Button or chestnut mushrooms x 250g

Plain white flour x 2 tablespoons

Chicken or vegetable stock to make up 300ml with fish juices

Lemon juice


New potatoes (optional) x 600g


Put the fish in a buttered baking dish. Pour in the cider and dot the fish with butter and season it. Bake the for 20 minutes uncovered. The fish should flake easily with a fork. Lift it off the skin with fish slice and put the fish on a plate. The pan juices go into a measuring jug so that you can combine them with the stock.

To julienne the carrots, cut them into lengths of about 4cm then slice them thinly and again into thin matchsticks. Alternatively, grate them and then split the gratings with a knife. Sauté the onions and garlic for about five minutes then add the carrots and mushrooms.

Cover them with a piece of greased/buttered baking parchment and a lid and cook them gently until the vegetable are just tender. Then pour them and the juices into a bowl. Use the same pan to make a sauce with melted butter, flour and the combined fish juices and stock. Simmer this to make sure the flour is properly cooked in. Flake the fish and add it, the vegetables and juices to the sauté. Season, add a squeeze of lemon and serve sprinkled with parsley.

Bashed garlic potatoes

If you’re having bashed potatoes with this fish and cider recipe, new potatoes are ideal. Leave small ones whole or cut bigger ones into thumb-sized pieces. Pour boiling water over them and then bring them back to the boil. When they are soft but not falling to pieces stir in a little butter or olive oil, salt and crushed garlic. Bash them with a masher or wooden spoon but stop short of mashing or creaming them.


  1. Heat oven to 350oF/180oC/Gas Mark 4.
  2. Butter baking tin and place the fish steaks in it. Pour in the cider. Dot the fish with about 15g of butter and season it.
  3. Bake it for 20 mins.
  4. While the fish bakes, peel and chop the onions/shallots, carrots, mushrooms, and parsley and peel and crush the garlic.
  5. Then, lift the fish out of the pan leaving the skin behind in the pan, and put it to one side.
  6. Pour the juices into a measuring jug and add enough chicken stock to make 300ml.
  7. Melt the 40g of butter in a heavy-bottomed pan and sauté the onion and garlic for 3-5 minutes.
  8. Add the carrots and mushrooms.
  9. Grease the baking parchment with butter. Put it over the pan, butter-side down, and put the lid on. Cook this gently until the vegetables are just tender. Then put them into a bowl with the juices.
  10. If you are having garlic bashed potatoes, put them on to boil (see above).
  11. Melt the remaining butter in the pan. Stir in the flour and cook it for a minute. Take the pan off the heat and gradually add the fish and chicken stock, stirring to remove any lumps. Return it to gentle heat until it thickens and simmer it for a few minutes.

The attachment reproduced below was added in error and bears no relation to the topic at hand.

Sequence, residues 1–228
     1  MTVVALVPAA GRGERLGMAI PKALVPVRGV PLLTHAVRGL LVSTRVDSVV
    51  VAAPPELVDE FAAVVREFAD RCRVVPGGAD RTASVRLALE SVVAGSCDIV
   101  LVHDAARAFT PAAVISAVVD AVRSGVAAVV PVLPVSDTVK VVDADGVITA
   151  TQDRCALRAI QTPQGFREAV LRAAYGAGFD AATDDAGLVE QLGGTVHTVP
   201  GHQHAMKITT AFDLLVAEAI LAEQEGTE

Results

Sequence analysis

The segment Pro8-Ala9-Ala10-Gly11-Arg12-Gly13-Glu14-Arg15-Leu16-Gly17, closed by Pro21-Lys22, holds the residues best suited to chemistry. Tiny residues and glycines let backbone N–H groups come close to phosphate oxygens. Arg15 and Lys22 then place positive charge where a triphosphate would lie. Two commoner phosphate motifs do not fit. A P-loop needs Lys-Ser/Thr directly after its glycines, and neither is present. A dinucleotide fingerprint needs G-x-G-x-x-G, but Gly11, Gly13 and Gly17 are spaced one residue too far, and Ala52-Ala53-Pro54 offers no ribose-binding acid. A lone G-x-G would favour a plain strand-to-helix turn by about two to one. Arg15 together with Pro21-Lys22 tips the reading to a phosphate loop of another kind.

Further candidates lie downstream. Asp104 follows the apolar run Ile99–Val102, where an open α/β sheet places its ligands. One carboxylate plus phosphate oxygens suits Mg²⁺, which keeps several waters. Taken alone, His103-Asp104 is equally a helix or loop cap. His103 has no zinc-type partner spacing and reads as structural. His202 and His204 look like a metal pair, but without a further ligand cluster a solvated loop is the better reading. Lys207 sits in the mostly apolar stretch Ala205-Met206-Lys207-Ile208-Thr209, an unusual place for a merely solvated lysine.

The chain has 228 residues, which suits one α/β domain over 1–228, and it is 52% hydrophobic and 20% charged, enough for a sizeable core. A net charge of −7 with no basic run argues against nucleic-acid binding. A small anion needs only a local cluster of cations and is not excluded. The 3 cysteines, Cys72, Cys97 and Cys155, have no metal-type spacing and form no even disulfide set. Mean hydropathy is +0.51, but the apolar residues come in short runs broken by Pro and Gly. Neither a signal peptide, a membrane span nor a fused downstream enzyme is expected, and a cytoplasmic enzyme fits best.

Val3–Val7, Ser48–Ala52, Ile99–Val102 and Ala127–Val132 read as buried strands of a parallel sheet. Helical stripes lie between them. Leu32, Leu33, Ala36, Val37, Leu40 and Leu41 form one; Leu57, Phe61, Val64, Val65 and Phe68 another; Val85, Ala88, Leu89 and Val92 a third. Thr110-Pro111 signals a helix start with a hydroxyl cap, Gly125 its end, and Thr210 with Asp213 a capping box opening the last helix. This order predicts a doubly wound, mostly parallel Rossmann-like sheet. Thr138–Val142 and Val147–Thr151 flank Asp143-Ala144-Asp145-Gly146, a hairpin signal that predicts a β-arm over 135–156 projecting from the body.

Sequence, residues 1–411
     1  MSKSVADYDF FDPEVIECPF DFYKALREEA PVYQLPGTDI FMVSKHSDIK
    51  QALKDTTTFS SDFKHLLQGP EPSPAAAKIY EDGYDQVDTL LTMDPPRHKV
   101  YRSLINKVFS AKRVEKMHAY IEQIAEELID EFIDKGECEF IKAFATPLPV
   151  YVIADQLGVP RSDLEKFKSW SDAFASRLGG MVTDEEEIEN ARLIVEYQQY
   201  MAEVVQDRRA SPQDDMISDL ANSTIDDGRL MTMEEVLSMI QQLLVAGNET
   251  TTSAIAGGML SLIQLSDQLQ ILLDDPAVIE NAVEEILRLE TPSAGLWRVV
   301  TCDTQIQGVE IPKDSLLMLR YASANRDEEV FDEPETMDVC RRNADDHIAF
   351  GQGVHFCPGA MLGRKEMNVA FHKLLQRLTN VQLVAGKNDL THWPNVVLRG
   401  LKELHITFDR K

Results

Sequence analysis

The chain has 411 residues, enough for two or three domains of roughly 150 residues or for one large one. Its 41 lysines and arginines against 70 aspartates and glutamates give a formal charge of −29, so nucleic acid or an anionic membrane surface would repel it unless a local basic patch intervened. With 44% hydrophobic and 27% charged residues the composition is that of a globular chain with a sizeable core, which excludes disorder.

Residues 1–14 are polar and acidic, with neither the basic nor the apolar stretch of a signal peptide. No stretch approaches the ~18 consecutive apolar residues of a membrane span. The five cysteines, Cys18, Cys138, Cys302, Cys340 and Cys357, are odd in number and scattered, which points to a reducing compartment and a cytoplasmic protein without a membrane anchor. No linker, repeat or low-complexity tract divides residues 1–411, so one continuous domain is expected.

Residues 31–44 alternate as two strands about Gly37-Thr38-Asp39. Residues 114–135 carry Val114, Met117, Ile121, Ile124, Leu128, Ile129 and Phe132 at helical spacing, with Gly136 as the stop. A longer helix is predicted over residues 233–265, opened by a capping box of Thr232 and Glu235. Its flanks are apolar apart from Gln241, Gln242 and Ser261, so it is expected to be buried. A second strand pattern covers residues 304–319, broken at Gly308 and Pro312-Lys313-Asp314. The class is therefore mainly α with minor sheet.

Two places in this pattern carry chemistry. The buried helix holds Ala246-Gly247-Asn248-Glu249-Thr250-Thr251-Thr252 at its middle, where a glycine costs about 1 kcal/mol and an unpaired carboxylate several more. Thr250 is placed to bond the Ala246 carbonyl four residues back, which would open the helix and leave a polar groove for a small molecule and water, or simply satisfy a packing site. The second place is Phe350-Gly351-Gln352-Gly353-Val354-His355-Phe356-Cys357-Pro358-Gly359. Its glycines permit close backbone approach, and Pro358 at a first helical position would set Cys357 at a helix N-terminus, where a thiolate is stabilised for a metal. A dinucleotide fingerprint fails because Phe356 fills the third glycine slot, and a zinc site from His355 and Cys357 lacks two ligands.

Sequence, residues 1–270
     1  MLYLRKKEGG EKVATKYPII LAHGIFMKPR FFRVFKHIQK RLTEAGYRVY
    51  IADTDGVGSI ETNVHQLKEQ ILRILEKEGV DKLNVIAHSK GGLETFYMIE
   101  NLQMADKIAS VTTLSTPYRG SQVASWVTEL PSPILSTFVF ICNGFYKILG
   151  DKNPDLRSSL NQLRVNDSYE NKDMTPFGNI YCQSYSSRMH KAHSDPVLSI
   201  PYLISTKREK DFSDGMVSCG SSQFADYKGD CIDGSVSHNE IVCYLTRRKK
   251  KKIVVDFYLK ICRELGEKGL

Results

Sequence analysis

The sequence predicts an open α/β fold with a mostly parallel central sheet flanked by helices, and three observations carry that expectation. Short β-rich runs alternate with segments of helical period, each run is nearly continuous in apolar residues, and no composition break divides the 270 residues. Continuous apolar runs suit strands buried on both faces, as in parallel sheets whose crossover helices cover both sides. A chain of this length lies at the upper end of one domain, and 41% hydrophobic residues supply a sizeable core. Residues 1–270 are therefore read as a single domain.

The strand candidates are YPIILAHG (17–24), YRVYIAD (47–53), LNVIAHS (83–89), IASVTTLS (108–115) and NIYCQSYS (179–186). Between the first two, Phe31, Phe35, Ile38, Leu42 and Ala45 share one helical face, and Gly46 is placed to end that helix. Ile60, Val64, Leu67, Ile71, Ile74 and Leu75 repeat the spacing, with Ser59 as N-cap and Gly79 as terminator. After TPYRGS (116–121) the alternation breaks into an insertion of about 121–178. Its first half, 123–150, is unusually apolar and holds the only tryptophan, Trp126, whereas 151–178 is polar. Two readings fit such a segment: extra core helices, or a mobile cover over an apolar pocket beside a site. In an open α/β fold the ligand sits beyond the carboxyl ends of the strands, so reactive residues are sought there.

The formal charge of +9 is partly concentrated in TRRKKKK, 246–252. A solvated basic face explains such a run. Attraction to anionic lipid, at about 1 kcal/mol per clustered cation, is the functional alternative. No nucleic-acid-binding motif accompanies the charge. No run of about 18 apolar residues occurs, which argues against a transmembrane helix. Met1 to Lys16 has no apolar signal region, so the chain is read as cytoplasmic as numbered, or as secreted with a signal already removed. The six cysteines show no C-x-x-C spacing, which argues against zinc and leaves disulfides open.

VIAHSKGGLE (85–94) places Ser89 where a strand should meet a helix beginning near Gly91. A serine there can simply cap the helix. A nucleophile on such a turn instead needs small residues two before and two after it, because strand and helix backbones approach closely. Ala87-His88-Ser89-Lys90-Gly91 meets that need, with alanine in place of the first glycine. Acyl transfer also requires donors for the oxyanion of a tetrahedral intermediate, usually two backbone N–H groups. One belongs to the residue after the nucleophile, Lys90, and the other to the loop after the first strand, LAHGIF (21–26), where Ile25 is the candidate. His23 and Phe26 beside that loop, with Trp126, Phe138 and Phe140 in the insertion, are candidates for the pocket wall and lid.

12. Flake the fish and add it with the vegetables to the sauce. Season it, add lemon juice to taste and sprinkle it with parsley. (And the potatoes if you’re having them).

Steamed brill with a cider sabayon

Brill is a flat fish, and often thought of as a sweeter and cheaper alternative to turbot, while a sabayon is similar to a hollandaise and easy to make. The dry cider and Tabasco in this recipe provide balance. The skin on a brill is quite tough. Take it off gently after the fish has steamed or suggest that your guests do so for themselves. Test the fish to see if it is nearly ready; it should be opaque and you should be able to lift off a flake gently using a fork.

A note on seasonality: the brill we eat in the UK mainly comes from the North Sea. Although brill is thought to be abundant the Marine Conservation Society advises avoiding small, immature brill (less than 30cm). Their breeding season is spring and summer. They can be caught throughout the year but are best from September to December, or roughly, cider making time. Parsnip mash or steamed broccoli would go well.

Brill. Picture courtesy Jonathan Crouch

Serves 4

Preparation time: 5-10 minutes.

Cooking time: 15 minutes


Brill fillets (200g) x 4

Egg yolks x 3

Dry cider 150ml


Lemon juice

Salt and pepper


  1. Season the fillets and steam them for about 15 minutes. This timing will vary.
  2. Test the fish to see if it is nearly ready. Use a fork to see if opaque and you can lift off a flake.
  3. Take the fish off the heat.
  4. Heat a saucepan of water nearly to the boil.
  5. Turn the heat down to keep the temperature of the water steady.
  6. Whisk the eggs and the cider in a bowl.
  7. Place the bowl over the hot water and keep whisking, getting air in by lifting the whisk (without making it spray). This will make the sabayon rise. When it is thick enough to coat the back of a spoon:
  8. Add tobacco and lemon juice to the sabayon and spoon it over the fish.
  9. And serve it.